Recognition and signal transduction in the expression of Phytophthora resistance in soybean [Glycine max (L) Merr]

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Gao, Hongyu
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Madan K. Bhattacharyya
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The Department of Agronomy seeks to teach the study of the farm-field, its crops, and its science and management. It originally consisted of three sub-departments to do this: Soils, Farm-Crops, and Agricultural Engineering (which became its own department in 1907). Today, the department teaches crop sciences and breeding, soil sciences, meteorology, agroecology, and biotechnology.

The Department of Agronomy was formed in 1902. From 1917 to 1935 it was known as the Department of Farm Crops and Soils.

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  • Department of Farm Crops and Soils (1917–1935)

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Phytophthora sojae, a hemibiotrophic oomycete, is the causal pathogen of stem and root rot disease of soybean (Glycine max [L.] Merr). The annual soybean yield loss suffered from this disease is valued at about 300 million dollars. A series of single Rps genes protect soybean from the root and stem rot disease. In the last two decades Rps1-k has been the most stable and widely used Phytophthora resistance gene in the major soybean-producing regions of the United States;Two classes of CC-NB-LRR-type Rps1-k genes were isolated from the Rps1-k locus. Representative members from each gene class were expressed in transgenic soybean plants. Analyses of independent R0, R1, R2 and R3 progeny populations suggested that both gene classes confer Phytophthora resistance in soybean. Sequence of the entire Rps1-k locus indicates that it is composed of mostly repetitive sequences, including simple repeat sequences, tandem repeats and retroelements. Gene content in the Rsp1-k region appears to be very poor, with only a few full-length genes including the Rps1-k genes;A yeast two-hybrid system was applied in identifying signal transduction factors involved in the expression of Phytophthora resistance. Various baits derived from Rps1-k-2 were applied in the yeast two-hybrid screens. Thirteen putative Rps1-k-2-interacting proteins (RIP) were identified based on in vivo interactions in yeast and in vitro pull down assays. In vivo interactions in soybean cells determined by FRET analysis and preliminary RNA interference (RNAi) experiments in transformed cotyledons further confirmed that several candidate Rps1-k-2-interactors including a 26S proteasome AAA-ATPase subunit RPT5a, a receptor kinase, an unknown expressed protein and a type II metacaspase are promising Rps1-k-2-interactors. We further characterized RIP13, the type II metacaspase that showed to interact with the N-terminal 144 amino acids of Rps1-k-2. RIP13 is rapidly induced upon infection with an avirulent P. sojae race. Large-scale RNAi experiments suggest that RIP13 play a critic role in Rps1-k-2-mediated resistance. This study implicates that the functional role of RIP13 may be analogous to the mammalian effector casapses, and Rsp1-k-2 may act as an 'adapter protein' like Apaf-1 in plant hypersensitive response-related cell death machinery.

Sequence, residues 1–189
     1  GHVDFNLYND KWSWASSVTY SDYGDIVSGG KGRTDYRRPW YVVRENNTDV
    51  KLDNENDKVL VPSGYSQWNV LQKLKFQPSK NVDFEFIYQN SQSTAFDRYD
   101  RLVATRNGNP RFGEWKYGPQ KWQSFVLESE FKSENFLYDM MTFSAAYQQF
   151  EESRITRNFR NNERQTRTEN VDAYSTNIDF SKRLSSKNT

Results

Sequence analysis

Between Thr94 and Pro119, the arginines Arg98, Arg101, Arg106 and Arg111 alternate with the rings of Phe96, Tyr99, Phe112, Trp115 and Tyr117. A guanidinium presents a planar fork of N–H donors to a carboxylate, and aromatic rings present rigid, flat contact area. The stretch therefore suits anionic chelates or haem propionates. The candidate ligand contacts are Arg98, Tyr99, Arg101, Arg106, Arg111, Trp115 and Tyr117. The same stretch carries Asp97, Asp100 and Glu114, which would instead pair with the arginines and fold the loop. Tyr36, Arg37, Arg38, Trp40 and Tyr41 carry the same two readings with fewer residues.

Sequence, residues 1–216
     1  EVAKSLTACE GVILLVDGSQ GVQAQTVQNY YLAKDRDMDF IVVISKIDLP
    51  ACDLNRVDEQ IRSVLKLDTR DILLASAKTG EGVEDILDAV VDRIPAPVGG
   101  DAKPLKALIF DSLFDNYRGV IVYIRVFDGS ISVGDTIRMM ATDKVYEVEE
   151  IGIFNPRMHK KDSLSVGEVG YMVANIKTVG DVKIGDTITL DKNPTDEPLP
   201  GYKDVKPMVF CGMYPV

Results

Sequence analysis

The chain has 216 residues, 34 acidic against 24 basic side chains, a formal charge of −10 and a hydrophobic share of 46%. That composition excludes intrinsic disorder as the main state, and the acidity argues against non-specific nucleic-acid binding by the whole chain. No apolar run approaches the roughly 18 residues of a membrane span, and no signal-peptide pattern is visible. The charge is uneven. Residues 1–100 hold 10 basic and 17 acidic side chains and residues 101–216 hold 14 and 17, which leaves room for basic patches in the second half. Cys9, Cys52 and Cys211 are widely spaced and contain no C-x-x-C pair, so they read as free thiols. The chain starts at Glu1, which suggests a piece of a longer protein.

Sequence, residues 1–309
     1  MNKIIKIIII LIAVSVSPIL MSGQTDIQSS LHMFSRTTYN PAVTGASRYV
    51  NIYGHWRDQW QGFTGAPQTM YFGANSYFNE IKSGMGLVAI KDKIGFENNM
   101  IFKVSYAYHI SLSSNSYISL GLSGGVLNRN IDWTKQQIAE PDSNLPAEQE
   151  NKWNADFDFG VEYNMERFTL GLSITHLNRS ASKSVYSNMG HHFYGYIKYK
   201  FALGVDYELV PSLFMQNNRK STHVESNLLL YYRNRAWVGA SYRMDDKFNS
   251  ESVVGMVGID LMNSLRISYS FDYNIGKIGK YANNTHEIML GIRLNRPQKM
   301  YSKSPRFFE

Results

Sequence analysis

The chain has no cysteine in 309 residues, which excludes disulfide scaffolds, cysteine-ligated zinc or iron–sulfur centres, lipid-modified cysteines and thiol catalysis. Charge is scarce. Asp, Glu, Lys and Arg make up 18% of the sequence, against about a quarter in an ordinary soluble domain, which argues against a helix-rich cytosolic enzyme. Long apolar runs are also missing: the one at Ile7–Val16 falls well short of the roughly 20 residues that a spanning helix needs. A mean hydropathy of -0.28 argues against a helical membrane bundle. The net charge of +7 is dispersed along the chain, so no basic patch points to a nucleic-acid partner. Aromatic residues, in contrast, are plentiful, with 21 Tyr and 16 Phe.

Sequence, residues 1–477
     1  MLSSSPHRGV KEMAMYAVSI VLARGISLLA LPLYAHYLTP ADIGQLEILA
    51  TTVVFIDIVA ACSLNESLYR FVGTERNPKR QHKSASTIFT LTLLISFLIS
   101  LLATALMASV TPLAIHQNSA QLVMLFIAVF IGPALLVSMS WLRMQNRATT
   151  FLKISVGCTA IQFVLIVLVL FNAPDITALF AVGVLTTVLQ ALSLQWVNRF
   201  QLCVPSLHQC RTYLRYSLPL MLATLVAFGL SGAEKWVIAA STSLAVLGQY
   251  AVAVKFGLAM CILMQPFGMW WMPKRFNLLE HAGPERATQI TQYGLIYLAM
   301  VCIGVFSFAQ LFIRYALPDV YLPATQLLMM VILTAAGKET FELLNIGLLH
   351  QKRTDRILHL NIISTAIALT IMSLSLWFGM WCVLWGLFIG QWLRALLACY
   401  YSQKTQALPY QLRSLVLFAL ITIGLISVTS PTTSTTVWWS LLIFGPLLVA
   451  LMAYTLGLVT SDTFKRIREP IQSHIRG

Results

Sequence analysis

Sun Jan 01 00:00:00 UTC 2006